Monday, October 17, 2005


Nelson planned to use submarines and mines


Times Online
By John Crossland
October 16, 2005

HORATIO NELSON held secret talks at Downing Street on sinking Napoleon’s ships with submarines, mines and rockets, according to a newly unearthed record of the meeting. The plan involved towing the mines, referred to as “infernal machines”, across the Channel on high-speed catamarans and then detonating them beneath the French vessels.

The talks took place just weeks before Nelson boarded HMS Victory in September 1805 to sail to his death at the battle of Trafalgar, the bicentenary of which falls this Friday.

The meeting is described in a letter written by Sidney Smith, one of Nelson’s commanders, and included in The Pursuit of Victory, a new biography of the admiral by Roger Knight, visiting professor of naval history at Greenwich University.

Knight said this weekend that Nelson’s interest in new weapons, which came too late to affect Trafalgar, stemmed from his worries that the war against Napoleon was near deadlock.
“The war had reached a stalemate before Trafalgar,” said Knight. “Weapon research was developing very quickly and here was an idea that could give us a decisive edge.”

Celebrations of the bicentenary reach their climax this week. They have already included an international fleet review at Portsmouth in June and a re-creation of Nelson’s funeral on the Thames in London last month.

This week’s events include a wreath-laying followed by a reception held by the Queen on board Victory at Portsmouth on Friday. Next Sunday there will be a naval “spectacular” in Trafalgar Square, London, and a memorial service in St Paul’s, where Nelson is buried.

Knight found the letter describing Nelson’s meeting at the British Library while researching his book. It was among ministerial papers belonging to William Windham, secretary for war in 1806.
Smith wrote the letter to Windham on February 12, 1806, four months after Trafalgar, to lobby the new government to go ahead with the plans despite Nelson’s death.

Smith described how the Downing Street weapons meeting was attended by Nelson; William Pitt the Younger, the prime minister; Lord Castlereagh, secretary for war; Robert Fulton, an American submarine pioneer; and William Congreve, an army rocket inventor.

Smith then wrote that he had been “directed to explain to Lord Collingwood (Nelson’s successor) all that passed in Downing Street, when Lord Nelson, ‘Mr Francis’ (Fulton’s pseudonym), Mr Congreve and myself attended at Lord Castlereagh’s office and met Mr Pitt”.

Fulton gave the meeting expert advice on the use of catamaran-mounted torpedoes. Previously he had designed the first “submarine boat”, the Nautilus, in Paris, but when he approached Napoleon’s ministry of the marine with a plan to blockade the mouth of the Thames with them, it scornfully dismissed him. Fulton crossed secretly to England, where he demonstrated his design to Pitt.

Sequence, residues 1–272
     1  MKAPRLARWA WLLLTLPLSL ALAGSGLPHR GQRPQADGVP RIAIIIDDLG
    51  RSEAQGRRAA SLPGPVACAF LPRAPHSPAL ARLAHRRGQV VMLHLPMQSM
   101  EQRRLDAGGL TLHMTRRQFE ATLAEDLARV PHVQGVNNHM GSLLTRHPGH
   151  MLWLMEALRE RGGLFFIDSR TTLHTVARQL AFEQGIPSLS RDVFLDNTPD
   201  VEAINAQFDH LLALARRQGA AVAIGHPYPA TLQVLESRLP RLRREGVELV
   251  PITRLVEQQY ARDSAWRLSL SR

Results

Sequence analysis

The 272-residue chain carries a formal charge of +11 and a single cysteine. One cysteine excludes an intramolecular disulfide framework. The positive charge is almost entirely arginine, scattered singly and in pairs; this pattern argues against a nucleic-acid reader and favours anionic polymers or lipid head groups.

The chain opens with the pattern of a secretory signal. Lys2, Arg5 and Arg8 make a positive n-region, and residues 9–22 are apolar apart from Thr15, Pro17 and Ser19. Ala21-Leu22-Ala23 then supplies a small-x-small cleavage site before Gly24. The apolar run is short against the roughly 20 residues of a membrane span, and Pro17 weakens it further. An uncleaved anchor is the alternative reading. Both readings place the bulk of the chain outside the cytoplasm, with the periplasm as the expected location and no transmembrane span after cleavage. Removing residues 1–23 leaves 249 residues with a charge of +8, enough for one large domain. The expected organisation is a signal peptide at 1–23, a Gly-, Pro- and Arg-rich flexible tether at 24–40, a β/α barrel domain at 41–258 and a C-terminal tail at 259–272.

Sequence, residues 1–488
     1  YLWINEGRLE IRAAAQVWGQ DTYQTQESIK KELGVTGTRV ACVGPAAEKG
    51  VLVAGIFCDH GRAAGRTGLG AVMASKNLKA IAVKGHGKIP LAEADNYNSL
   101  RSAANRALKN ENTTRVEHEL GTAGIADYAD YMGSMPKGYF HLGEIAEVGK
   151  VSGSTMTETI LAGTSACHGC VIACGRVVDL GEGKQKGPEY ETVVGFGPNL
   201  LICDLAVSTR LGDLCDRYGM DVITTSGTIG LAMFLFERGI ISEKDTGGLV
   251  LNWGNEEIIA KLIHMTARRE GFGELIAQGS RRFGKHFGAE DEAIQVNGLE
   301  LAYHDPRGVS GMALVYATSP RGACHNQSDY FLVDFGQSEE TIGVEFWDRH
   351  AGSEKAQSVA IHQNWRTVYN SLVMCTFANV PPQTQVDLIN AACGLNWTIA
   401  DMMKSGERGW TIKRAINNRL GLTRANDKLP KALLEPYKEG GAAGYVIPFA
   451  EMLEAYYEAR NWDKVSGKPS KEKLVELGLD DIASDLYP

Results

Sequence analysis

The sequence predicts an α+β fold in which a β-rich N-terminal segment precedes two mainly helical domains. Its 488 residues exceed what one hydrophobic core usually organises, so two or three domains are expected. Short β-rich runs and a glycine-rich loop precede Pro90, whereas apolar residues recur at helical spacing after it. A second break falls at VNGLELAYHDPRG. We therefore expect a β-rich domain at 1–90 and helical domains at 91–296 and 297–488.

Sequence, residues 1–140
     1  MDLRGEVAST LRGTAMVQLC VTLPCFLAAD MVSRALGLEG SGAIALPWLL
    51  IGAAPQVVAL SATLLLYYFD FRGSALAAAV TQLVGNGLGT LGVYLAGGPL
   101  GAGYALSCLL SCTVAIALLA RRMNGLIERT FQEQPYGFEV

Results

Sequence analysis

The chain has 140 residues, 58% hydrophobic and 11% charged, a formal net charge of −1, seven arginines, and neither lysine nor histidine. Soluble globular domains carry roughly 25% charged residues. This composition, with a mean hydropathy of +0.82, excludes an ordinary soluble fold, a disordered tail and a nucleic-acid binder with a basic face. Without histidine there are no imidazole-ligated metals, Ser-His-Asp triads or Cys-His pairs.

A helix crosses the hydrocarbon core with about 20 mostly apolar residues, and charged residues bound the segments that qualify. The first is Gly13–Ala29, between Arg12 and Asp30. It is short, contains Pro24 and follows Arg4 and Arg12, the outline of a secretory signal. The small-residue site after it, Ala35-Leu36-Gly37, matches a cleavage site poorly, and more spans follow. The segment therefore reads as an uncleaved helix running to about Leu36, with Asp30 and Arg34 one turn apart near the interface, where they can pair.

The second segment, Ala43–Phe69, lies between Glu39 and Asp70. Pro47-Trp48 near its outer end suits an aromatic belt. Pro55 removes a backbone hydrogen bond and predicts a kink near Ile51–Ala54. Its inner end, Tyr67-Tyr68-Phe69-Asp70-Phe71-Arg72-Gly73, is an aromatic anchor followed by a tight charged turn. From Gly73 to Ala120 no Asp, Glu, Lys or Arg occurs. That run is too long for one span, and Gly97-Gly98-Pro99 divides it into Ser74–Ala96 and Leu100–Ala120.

Congreve’s weapons, which were fuelled with gunpowder and had exploding iron warheads, would have been mounted on batteries on specially adapted rocket boats.

In his letter, Smith told Windham that after Nelson’s death he had taken over the navy’s special operations. He wrote: “Mr Congreve’s rockets and Mr Francis’s submarine exploding ‘carcases’ with 12 double-canoes (catamarans) — galleys . . . calculated for rowing, sailing and landing field pieces and infantry in a surf are annexed to my command.”

Smith described how the Admiralty had ordered 10 large catamarans to be built at Dover and described how sailors for his force would be recruited: “The crew to be selected from among the smugglers on the coast who are allowed additional pay to induce them to relinquish their trade which is so injurious to the Revenue.”

Despite Smith’s lobbying, the Royal Navy’s interest waned with the deaths of Nelson at Trafalgar and Pitt three months later. In addition, two commando-style torpedo raids had earlier failed to inflict serious damage on Napoleon’s invasion flotillas anchored at Boulogne.

The torpedoes consisted of two 18in-diameter copper cylinders loaded with powder and weighing two tons. They were eased under a ship’s keel by a black-clad masked seaman in a fast rowing boat.

A watercolour of the battle of Trafalgar is depicted in six stamps issued this week by the Royal Mail to mark the 200th anniversary of the naval victory. The 32ft long work by William Heath was bought by the National Maritime Museum more than 60 years ago but then locked away until it was rediscovered in about 1980.

It has been exhibited only once, in 1988, because it is so delicate. Even the Royal Mail’s stamp designer, Dick Davis, who has “squeezed” the entire canvas onto the six stamps, was allowed only to work from photographs of it.


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